I do love it though that the Catholic Church has a place for all of these different charisms.

And you're right, Pentimento, about the singing. It felt like a gift.

Pentimento said...

I don't doubt that the charism is real, but it can be misconstrued, and not every time you get that warm fuzzy feeling is it the Holy Spirit at work. Likewise, not every time the Holy Spirit is at work in you do you ge tthat fuzzy feeling -- most times not. St. John of the Cross, after all, wrote extensively about the night of sense and the night of the soul, when one feels aboslute abandoment from God. He called this dreadful sense abandonement the work of the Holy Spirit, and the time at which God draws one cloer.

See also Ratzinger's 1989 Letter to the Bishops on Some Aspects of Christian Meditation:
http://www.ewtn.com/library/curia/cdfmed.htm

Anonymous said...

Hello Betty,

I was at the same conference (April 17th) and had a very similar experience/thought-process i.e. "I am not going to sit down." I was also very surprised, happily at first, by the turn of events and, yet, struggled a bit with where to place it all after.

I'm seven months pregnant with our third child, so all I could think was "Please Lord, don't let me go into early labor!"--especially after hearing how Fr. discovered his charism: offering a simple, every-day blessing to a pregnant woman, who, thank God, in this case, went into early labor right then and there which ended up saving her baby's life since the cord was around the baby's neck. Praise God!

Anywho...I believe God continues to reveal Himself, of course, but I prefer for Him to reveal Himself as He wills, when He wills, and how He wills--without me seeking out consolations or anything other than the sacraments. Not that seeking healing would somehow be more our will than God's, but the boundary gets a bit blurry for me in this case. So, I credit Teresa of Avila for this good advice about erring on the side of caution. After a good many spiritually imprudent moments in my younger years, I'm a bit conservative now while also being happy that there are others of us with different temperments out there who have unique ways of relating to God's grace.

I too "gave it a whirl" and my heart was nearly beating out of my chest--interestingly, though, as soon as I neared the altar with Jesus exposed in the Blessed Sacrament the pounding of my heart settled totally (that for me was the most obvious healing, though I don't discount there may have been other, more subtle ones). Then, as soon as I got away from Jesus exposed, the beating picked back up again as did the fear: "Agh! Am I going to burst out in tongues!?".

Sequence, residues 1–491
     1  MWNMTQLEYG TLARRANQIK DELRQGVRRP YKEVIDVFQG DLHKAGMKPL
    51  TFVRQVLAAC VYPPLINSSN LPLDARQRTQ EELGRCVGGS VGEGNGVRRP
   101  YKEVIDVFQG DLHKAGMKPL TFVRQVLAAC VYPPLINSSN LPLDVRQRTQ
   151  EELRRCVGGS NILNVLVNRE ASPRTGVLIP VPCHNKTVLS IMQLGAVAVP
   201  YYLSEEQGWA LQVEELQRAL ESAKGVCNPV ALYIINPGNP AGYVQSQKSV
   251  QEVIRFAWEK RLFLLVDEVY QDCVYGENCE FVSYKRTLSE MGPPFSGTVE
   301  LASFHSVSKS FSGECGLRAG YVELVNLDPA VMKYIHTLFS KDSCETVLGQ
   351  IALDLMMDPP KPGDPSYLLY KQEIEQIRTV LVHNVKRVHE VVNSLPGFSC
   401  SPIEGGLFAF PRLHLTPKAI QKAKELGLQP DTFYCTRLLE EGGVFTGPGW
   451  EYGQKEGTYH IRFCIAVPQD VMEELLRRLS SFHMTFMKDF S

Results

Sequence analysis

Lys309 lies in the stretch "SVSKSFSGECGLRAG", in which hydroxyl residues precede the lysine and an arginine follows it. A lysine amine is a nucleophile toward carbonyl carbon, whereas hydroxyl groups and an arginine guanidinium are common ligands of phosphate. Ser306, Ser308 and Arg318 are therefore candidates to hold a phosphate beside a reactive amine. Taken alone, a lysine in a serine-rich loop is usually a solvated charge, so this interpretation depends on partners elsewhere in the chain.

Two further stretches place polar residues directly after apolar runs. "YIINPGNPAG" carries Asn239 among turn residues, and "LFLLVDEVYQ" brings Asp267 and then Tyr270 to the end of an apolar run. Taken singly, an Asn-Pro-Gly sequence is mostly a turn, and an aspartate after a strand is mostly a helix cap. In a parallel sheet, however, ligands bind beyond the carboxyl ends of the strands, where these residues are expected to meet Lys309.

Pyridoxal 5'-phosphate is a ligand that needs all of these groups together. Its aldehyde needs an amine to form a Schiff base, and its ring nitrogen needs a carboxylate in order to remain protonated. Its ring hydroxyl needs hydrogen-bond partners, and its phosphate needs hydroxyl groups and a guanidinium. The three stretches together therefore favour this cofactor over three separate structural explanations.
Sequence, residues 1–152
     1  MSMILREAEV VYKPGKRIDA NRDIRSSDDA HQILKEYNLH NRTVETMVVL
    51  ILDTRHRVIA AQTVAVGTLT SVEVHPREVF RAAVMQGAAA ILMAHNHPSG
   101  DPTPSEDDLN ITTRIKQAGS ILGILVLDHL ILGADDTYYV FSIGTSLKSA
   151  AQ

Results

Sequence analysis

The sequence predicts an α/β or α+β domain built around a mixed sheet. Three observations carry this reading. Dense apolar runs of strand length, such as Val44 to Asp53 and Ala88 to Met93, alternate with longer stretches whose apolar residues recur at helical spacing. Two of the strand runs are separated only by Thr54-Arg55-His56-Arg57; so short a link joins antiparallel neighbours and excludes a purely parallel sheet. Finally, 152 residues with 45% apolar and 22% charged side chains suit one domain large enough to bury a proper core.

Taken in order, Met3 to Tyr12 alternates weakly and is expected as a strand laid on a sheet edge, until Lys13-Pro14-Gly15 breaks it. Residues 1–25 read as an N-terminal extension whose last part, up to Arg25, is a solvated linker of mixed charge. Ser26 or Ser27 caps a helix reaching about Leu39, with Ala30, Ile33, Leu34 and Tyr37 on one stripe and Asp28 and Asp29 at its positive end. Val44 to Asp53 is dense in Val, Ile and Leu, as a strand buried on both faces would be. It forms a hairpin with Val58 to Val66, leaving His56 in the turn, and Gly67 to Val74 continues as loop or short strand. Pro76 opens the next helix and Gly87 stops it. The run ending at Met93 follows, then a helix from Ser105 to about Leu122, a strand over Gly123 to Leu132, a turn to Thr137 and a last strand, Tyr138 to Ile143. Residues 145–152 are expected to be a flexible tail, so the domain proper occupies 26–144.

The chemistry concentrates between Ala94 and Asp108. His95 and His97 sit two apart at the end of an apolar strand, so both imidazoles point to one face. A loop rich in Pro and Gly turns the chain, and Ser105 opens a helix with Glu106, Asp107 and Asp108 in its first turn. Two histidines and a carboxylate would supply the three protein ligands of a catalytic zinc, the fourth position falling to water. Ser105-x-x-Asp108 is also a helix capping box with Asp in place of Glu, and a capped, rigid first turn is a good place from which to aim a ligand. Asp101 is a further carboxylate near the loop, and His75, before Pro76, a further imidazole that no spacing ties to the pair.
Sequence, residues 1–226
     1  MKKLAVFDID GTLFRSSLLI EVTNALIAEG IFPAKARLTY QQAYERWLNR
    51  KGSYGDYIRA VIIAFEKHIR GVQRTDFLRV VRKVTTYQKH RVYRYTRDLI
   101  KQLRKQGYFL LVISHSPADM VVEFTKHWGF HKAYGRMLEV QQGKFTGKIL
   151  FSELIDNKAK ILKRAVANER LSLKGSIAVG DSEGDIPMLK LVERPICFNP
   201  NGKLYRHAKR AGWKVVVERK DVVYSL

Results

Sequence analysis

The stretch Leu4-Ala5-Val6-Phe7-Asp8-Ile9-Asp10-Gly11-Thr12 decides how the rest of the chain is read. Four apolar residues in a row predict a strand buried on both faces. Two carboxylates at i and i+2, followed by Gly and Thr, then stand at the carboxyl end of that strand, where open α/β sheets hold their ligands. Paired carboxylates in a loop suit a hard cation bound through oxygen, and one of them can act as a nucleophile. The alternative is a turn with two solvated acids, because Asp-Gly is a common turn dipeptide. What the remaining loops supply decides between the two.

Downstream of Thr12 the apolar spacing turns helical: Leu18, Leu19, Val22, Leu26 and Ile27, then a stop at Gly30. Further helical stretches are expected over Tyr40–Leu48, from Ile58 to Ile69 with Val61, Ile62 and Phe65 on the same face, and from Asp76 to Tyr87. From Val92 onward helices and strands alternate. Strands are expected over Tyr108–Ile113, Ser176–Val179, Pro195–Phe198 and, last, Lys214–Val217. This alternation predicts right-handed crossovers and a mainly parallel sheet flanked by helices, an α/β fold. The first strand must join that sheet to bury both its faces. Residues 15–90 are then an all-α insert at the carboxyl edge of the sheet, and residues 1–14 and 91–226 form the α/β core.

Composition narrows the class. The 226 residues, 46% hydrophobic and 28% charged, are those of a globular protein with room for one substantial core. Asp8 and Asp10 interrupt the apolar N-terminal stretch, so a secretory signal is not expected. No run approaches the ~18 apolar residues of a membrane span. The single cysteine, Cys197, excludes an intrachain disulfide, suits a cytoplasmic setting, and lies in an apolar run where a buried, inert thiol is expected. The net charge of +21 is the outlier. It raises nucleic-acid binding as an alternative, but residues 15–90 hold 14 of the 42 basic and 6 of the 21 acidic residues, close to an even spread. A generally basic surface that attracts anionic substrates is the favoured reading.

You're right, nearly everyone sat down (and, while my friend also mentioned an encouraging 'Come, Holy Spirt' push from the crucifix, I'd like to think of it as not manipulative, but rather necessarily weighty). Though, it would be interesting to ask Fr. why this happens--perhaps it's not entirely his doing? Only God knows.

I noticed that a sister from an African order (and a handful of others) did not sit down, so that's when I decided that not buckling was my goal, along with remaining as conscious of Christ on the altar as possible. Maybe Fr. Crotty went easy on pregnant me--thank you, Father--in any case, as he approached and said a beautiful "Holy Spirit, Heal this Soul" I said "Lord, Jesus Christ" and remained standing. Yahoo! So, whether slain, standing, teary, or clear-eyed...only God knows what healing went on.

A curious experience to be sure. Ultimately though, Fr. Crotty made clear that the true miracle is and was Jesus up there on that altar--he opened up with those words and showed this in his actions as he would quietly offer the crucifix to Jesus as he passed from one side of the aisle to another.

So, to sum up: I only wish more of us swooned and teared up after communion or confession! May God bless and guide this charism in Fr. Crotty "All for the greater glory of God" and may we glorify Him with our lives.

Pentimento said...

My mother is Pentecostal too and she re-found her faith after my Catholic father's miraculous cure. She used to pray for me and my lapsed siblings to re-find ours, and I was frightened that finding faith would mean speaking in tongues, having to testify on the subway, and other crazy stuff. (It also scared me that I would have to be pro-life and seriously un-cool in other ways, too.) When it did happen, though, it happened without any of the things I feared the most, though it did and still does require painful sacrificies on a daily basis, mostly of my overweaning amour-propre.

Once at Adoration recently I had the sense of a weight on me in front of the Blessed Sacrament, but it was a good kind of weight, one that kept me from fluttering off into my usual folly and misunderstanding.